He was not great in Tuesday's loss to the Detroit Tigers, giving up four earned runs on seven hits in 6.1 innings. But in his six previous starts, his WHIP was 0.93 with a 3.44 ERA. At his best, Montas can be a top-end arm for a contender.
He's wasting time in Oakland, where the club figures to compete with the Texas Rangers for the AL West's worst record.
Nelson Cruz, Washington Nationals
Nelson Cruz is on a one-year deal with a team headed nowhere.
The expectations for the Washington Nationals this year were never that high, but as the deadline nears and reality sets in, Cruz should be available to a contender.
Numbers for the 41-year-old are not appealing. He's slashing .170/.258/.255 with a 55 OPS+ through 106 at-bats. A team isn't giving up much for a half-year rental of an aging power hitter.
But the power is still there. His hard-hit and barrel percentages are still above-average.
Cruz wasn't great for the Rays in the ALDS last year, but the motivation in trading for him then would be similar now: an extra bat at a low cost.
Xander Bogaerts, Boston Red Sox
The Boston Red Sox have the worst record in the AL East—even worse than that of the Orioles, the expected bottom-feeders.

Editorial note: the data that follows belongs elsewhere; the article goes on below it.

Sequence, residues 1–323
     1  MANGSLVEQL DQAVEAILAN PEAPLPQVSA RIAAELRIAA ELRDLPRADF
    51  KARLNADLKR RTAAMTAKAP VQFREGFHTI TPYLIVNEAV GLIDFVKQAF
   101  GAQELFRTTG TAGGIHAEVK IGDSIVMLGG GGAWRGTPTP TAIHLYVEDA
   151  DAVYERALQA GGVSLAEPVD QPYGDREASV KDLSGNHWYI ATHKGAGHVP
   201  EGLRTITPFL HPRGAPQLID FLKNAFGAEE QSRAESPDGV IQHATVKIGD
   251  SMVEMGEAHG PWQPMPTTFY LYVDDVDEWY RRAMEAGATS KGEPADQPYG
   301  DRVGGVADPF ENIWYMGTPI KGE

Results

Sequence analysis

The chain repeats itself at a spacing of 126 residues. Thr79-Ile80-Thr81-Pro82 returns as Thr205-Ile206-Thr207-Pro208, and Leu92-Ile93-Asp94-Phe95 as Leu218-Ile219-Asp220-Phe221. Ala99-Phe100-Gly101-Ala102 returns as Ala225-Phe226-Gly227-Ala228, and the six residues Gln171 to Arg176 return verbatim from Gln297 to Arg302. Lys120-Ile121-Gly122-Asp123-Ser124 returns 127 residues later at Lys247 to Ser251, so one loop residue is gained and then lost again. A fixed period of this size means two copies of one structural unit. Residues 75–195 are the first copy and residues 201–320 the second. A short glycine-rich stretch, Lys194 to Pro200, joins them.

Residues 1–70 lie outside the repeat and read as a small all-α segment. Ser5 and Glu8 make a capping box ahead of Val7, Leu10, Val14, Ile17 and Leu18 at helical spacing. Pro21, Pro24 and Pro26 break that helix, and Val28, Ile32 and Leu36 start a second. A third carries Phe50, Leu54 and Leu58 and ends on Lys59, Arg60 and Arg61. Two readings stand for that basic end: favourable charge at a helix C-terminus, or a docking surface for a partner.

Meanwhile, Xander Bogaerts and Trevor Story are "making the best of an awkward situation," per ESPN's Joon Lee.
Bogaerts, who plans to opt out of his contract after this season, is Boston's World Series-winning shortstop. Story, who signed a six-year, $140 million contract with the Red Sox last offseason, is his natural replacement.
What's Bogaerts' use on a non-competitive Boston team that's already prepared to move on? The 29-year-old's OPS is .880, and he's slashing .354/.402/.478 with a pair of home runs and 10 RBI through 122 at-bats.
Contenders looking to get in early on the Bogaerts' free-agent sweepstakes should already be texting Scott Boras.
Stats via Baseball Reference, Baseball Savant and FanGraphs unless otherwise noted.